Climate deal signed

In New York today 175 nations signed the Paris climate accord reached last December.

That is far more than had done so on a single day for any previous global agreement — but it still is also only a step toward the accord becoming international law.

For that to happen, at least 55 countries representing at least 55% of global emissions have to formally “join” or approve it within their national governments, some by executive action, others through legislative action. That process alone could take into 2017, though U.S. Secretary of State John F. Kerry suggested late Friday that the goal could be within reach this year. The United States plans to join the agreement this year, by executive action.

One more reason why it’s so important for the Democrats to win the Presidential election this fall and to flip the Senate and as many House seats as possible. A Republican win would probably mean a reversal of the actions this Administration takes to meet its obligations, since that party refuses to acknowledge that climate change is even occurring.

Flint’s water pipes are just fine

So said 47 Senate Republicans when they voted today against providing federal aid for children affected by the lead in those pipes. They claim they want to help Flint but they cannot agree on a funding mechanism. Meanwhile, the pipes are still corroding thanks to the junk that was in the Flint River water.

Even if they find a way to pay for it, Senator Mike Lee of Utah still has a hold on the main $220M relief bill for the city. Why? He claims that Michigan should spend its rainy-day fund down to fix the problem. Apparently he can’t distinguish between a loan and a grant. The bill specifies that the money will have to be paid back to the Feds. The city and state would rather borrow at today’s extraordinarily low interest rates than spend its emergency funds.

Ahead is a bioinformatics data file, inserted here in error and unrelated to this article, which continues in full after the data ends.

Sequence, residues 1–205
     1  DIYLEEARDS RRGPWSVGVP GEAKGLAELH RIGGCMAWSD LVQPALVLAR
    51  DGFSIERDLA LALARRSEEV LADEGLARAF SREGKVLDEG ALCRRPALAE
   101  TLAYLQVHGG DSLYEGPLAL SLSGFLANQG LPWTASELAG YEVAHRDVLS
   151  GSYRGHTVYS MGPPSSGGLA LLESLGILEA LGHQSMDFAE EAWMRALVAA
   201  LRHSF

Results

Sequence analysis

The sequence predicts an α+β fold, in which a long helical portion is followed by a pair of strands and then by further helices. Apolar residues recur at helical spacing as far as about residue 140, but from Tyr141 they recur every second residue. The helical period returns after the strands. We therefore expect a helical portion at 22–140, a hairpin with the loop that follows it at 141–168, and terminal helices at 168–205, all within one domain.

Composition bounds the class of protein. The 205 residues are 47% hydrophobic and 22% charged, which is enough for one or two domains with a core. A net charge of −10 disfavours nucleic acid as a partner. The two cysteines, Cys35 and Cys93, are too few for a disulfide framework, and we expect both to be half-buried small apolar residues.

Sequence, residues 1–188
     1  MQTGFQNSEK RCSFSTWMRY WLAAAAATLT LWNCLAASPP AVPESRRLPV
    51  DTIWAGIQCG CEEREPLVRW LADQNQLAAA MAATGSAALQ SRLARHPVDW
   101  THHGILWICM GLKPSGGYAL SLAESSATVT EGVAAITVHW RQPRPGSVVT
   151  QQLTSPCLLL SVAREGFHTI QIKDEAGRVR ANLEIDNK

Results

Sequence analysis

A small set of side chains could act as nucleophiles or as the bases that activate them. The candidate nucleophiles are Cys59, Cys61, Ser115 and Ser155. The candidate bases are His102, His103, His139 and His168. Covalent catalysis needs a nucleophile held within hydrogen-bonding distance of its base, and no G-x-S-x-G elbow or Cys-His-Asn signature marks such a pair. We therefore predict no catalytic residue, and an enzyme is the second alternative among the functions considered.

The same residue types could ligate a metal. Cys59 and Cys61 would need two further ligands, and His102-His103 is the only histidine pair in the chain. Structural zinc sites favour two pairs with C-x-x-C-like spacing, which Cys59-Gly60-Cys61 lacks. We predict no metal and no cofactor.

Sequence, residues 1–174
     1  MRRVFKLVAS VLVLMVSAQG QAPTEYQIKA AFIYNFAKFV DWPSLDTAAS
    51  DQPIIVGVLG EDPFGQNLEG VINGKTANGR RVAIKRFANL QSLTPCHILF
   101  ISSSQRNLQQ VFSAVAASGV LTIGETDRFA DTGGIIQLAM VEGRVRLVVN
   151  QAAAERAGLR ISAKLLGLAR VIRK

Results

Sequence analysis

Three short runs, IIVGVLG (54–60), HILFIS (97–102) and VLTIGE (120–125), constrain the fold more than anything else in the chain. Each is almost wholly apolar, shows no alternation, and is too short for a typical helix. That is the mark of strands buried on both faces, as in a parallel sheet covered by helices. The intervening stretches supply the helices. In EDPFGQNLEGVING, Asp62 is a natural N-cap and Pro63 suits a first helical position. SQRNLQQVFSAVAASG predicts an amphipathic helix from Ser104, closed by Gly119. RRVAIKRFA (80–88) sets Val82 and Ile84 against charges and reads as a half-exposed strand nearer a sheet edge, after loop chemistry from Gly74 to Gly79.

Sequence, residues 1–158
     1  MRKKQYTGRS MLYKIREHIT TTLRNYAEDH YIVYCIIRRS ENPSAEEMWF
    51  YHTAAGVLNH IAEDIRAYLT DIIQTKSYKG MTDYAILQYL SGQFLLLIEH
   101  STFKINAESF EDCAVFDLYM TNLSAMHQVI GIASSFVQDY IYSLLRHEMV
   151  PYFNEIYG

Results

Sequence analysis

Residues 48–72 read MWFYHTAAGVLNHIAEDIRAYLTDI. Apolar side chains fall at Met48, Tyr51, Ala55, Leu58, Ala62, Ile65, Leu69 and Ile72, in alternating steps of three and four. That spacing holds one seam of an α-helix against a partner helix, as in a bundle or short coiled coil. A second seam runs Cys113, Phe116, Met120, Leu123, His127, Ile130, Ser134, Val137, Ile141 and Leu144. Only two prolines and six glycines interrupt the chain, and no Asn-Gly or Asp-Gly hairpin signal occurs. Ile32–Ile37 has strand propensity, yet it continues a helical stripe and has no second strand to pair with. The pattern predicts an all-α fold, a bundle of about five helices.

That right there is the same attitude that has kept conservative politicians from embarking on infrastructure programs for the entire country. Money’s cheaper than it’s been in years, but deficits!

Stupid people.

Who was Harriet Tubman?

For starters, here’s a 2:47 minute mini-biography of her:

She was born in Maryland in 1820 and escaped from slavery in 1849 with two of her brothers. For reasons I can’t imagine, her brothers returned to the plantation from which they’d run. She accompanied them back there and then

made use of the network known as the Underground Railroad to travel nearly 90 miles to Philadelphia. She crossed into the free state of Pennsylvania with a feeling of relief and awe, and recalled later: “When I found I had crossed that line, I looked at my hands to see if I was the same person. There was such a glory over everything; the sun came like gold through the trees, and over the fields, and I felt like I was in Heaven.”